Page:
In other words, it’s a good bet your notebook choice is guided by the life you imagine yourself living, rather than the life you actually live. Time use surveys report the average American devotes about an hour of each day to using a PC for leisure. Even laptops with the worst endurance can last several hours on a charge.
It’s also not clear that dual-core systems have, on average, significantly longer battery lives. The Asus G501J lasts five hours and 29 minutes on a charge, and the Dell XPS 15 lasts four hours and 40 minutes, as judged by our Peacekeeper battery life test. Both have quad-core processors.
Meanwhile, a dual-core Asus Zenbook UX305 lasts 6 hours 17 minutes, and the Samsung Ativ Book 9 lasts 5 hours 41 minutes. There are stand out systems like the Dell XPS 13, which lasts almost 10 hours, but most dual-core notebooks don’t drastically out-last their quad-core peers.
There’s a good reason for that. Big notebooks have room for bigger batteries, and often put that room to use. It’s strange to see a dual-core system with a 50 watt-hour battery today, and some make do with 30 watt-hours or less. On the other hand, quads often come with 60, 70, or even 90 watt-hours of juice.
Duals do have one indisputable advantage. Size. Quads are rarely paired with a screen smaller than 15 diagonal inches, because a larger notebook is required to handle the power and heat of a quad. If you really need a 13-inch notebook, you don’t have much choice. But that brings the argument back to my first point – you probably don’t need a 13-inch notebook as much as you think.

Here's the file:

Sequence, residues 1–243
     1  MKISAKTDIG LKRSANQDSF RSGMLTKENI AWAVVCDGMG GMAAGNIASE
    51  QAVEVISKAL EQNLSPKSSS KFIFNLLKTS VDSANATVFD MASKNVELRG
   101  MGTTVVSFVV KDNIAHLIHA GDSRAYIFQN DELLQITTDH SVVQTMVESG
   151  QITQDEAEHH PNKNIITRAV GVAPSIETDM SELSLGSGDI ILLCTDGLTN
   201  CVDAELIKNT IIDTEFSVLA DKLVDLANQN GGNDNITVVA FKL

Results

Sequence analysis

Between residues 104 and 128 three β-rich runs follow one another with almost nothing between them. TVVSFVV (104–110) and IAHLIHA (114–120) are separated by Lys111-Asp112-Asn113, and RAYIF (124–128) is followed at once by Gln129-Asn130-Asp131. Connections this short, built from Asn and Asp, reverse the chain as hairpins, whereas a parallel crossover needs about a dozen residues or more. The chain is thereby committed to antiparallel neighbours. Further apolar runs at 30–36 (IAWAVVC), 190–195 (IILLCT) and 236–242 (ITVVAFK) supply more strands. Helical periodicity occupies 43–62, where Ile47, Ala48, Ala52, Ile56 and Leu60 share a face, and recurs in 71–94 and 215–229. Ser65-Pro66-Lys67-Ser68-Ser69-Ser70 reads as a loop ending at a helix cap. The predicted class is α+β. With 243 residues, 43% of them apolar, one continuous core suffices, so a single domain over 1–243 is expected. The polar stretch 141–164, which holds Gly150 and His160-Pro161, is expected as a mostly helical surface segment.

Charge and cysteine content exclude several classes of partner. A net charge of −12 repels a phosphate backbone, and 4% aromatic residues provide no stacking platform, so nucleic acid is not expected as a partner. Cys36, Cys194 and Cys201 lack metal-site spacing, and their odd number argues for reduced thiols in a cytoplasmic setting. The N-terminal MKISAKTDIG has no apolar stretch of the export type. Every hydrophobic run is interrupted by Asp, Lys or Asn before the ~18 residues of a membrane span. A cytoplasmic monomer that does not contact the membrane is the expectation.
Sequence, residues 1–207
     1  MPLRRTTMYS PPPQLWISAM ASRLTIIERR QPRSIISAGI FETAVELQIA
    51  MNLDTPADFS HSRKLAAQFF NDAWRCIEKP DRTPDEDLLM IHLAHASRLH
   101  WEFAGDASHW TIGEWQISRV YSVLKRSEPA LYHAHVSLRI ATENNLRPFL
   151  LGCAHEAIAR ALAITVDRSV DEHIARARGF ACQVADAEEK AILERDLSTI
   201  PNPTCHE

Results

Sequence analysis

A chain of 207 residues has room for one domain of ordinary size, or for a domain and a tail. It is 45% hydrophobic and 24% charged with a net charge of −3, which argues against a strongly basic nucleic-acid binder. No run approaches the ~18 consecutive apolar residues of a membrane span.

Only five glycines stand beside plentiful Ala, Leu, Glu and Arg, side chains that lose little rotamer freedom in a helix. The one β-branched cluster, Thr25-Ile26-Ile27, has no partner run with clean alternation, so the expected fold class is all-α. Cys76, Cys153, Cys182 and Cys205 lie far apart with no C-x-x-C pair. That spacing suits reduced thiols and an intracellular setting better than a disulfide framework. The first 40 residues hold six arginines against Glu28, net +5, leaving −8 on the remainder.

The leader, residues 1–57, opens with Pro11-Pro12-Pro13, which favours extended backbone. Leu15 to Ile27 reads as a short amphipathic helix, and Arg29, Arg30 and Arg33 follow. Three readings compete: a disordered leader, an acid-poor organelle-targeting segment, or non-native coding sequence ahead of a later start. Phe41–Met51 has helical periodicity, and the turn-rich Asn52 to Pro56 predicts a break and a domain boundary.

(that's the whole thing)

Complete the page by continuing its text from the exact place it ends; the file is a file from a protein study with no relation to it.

Of course, the benefits of a quad come at a price – the price. You’re not going to find one for much less than $1,000. On sale, certain systems can come in around $800, which is quite reasonable, but you’re not going to find a quad in a $600 notebook on any day besides Black Friday.
That is a limitation, and given that the average sales price of a Windows notebook has hovered around $600 for years now, it can’t be easily ignored. Some people will find themselves priced out of a quad.
But isn’t that true of everything? If you want more, you have to pay more. It’s not as if systems that have quad-core chips do not offer the same value as dual-core peers. On the contrary, they’re more likely to boast a discrete graphics chip, multiple hard drives, UltraHD display and other desirable features.
Acer’s Aspire V15 Nitro Black Edition, for example, delivers an Intel Core i7-4710HQ alongside eight gigabytes of RAM, an Nvidia GTX 860M and a one terabyte hard drive, all for $1,000. The bang-for-your-buck is incredible, and there’s no comparable 13-inch system even if you disregard the quad-core entirely.
Buying a quad-core laptop may seem like overkill, but its value is becoming increasingly apparent. A decade ago, when quads first arrived as a serious option for consumers, few programs properly used the extra cores. Today, almost every demanding application is optimized for numerous processing cores. Even some less demanding applications are beginning to shift focus; the Microsoft Edge browser, for example, is making multi-core performance a priority.
Today’s computers can last a very long time, and with a laptop, which cannot be upgraded substantially after purchase, future-proofing is worthwhile. Buying a small, bare-bones, dual-core system may save you money today, but how will it perform a year from now? Three years from now? More? Don’t fall victim to an overzealous pursuit of “value.” In the long term, a quad-core is a better bet.